Nucleophilic Substitution and Beta Elimination – SN1 SN2 E1 E2 Reactions

Substitution Elimination Reactions Tutorial Video SeriesOne of the more difficult topics covered in the standard Organic Chemistry 1 course involves Nucleophilic Substitution and Beta Elimination Reactions, designated: SN1 SN2 E1 E2.
My goal with this video series is to help you UNDERSTAND

SN1SN2 E1 E2 Organic Chemistry Cheat Sheet by Leah4Sci

SN1 SN2 E1 E2 Cheat Sheet

how to reason between the different reactions rather than having you memorize molecules and formulas that will leave you confused and guessing.

Think you’ve mastered it all? Jump right to my SN1 SN2 E1 E2  Practice Quiz!


Also, check out the printable/downloadable SN1 SN2 E1 E2 Cheat Sheet for quick reference and review.

Included in this series:

Video 1 – Introduction To Substitution And Elimination Reaction Analysis

Introduction to Nucleophilic Substitution and Beta Eliminatios Reactions tutorial videoMany students read ‘introduction’ and translate ‘skip this video’ I’m here to tell you NOT TO. The introductory video is under 2 minutes long, and my goal here is to give you an idea of how to approach substitution and elimination problems when asked to differentiate between them all.

Video 2 – SN1 SN2 E1 E2 Reactions Mechanism ReviewSN1 SN2 E1 E2 Reaction Mechanism Overview Video

This video will give you a quick overview/review of the individual reactions and mechanisms of SN1, SN2, E1, & E2 to prepare you for the detailed tutorials. This is great to watch as an overview before diving in, review in daily study, or review before quizzes/exams.

◊ 4 Components You Must Analyze ◊

When faced with a set of reactions conditions and asked to determine the type of substitution or elimination reactions, you cannot simply approach this with a set of memorized rules. Instead, you will have to analyze each aspect, one at a time, and find the reaction or reactions that best fit the given conditions. There are 4 major components to analyze prior to determining your reaction type. I will discuss each aspect in detail in its own video.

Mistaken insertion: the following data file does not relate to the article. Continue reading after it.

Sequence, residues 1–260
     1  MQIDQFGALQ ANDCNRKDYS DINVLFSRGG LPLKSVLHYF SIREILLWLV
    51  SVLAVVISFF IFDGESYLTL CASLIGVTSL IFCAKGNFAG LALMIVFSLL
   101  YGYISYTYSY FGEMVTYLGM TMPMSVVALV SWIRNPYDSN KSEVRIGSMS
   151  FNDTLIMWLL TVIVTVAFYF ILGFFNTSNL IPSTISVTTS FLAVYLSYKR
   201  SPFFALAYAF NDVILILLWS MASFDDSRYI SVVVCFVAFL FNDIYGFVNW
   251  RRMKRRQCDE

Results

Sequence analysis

Component 1 – Alkyl Halide Carbon Chain Analysis

The type of carbon holding the leaving group is very important when determining between a ‘1’ type reaction, which undergoes a carbocation intermediate, or a ‘2’ type reaction which occurs in a single step.

You must analyze the chain as follows:

  • What is the degree of substitution of the carbon holding the leaving group?
  • Can a stable carbocation form?
  • How bulky are the nearby groups, and do they provide steric hindrance?
  • What is the availability and substitution of beta hydrogen atoms?

These questions are discussed in detail in the following video.

Video 3 – Alkyl Halide Carbon Chain Analysis

Alkyl halide carbon chain analysis video for substititutin and elimination reactions tutorial videoUnderstanding how the position of the leaving group impacts reactions will help you determine which reaction types are possible and which reactions to rule out.



Component 2 – Nucleophile Or Base and Strength Of Attacking Group

The attacking molecule in substitution or elimination reactions will be defined by the type of reaction that takes place. Meaning, if a molecule attacks a carbon forming a new bond and remaining attached to the chain, it has acted as a nucleophile. However, if instead the same molecule grabs a beta hydrogen atom without attaching itself to the parent molecule, it has acted as a base.
Many bases make good nucleophiles and many nucleophiles make decent bases. When analyzing a reaction it may be difficult to predict substiution or elimination by looking at just the attacker, instead you have to take everything into account. However the attacking molecule will help you determine between a ‘1’ type and a ‘2’ type reaction.

Video 4 – Nucleophilicity vs Basicity in Substitution Elimination Reactions Part 1

Nucleophile and Base Analysis for Substitution and Elimination Reactions Part 1 tutorial videoThis video helps you understand the similarities between nucleophiles and bases, as well as the major differences between the attacker in a ‘1’ type or ‘2’ type reaction (meaning SN1 E1 vs SN2 E2)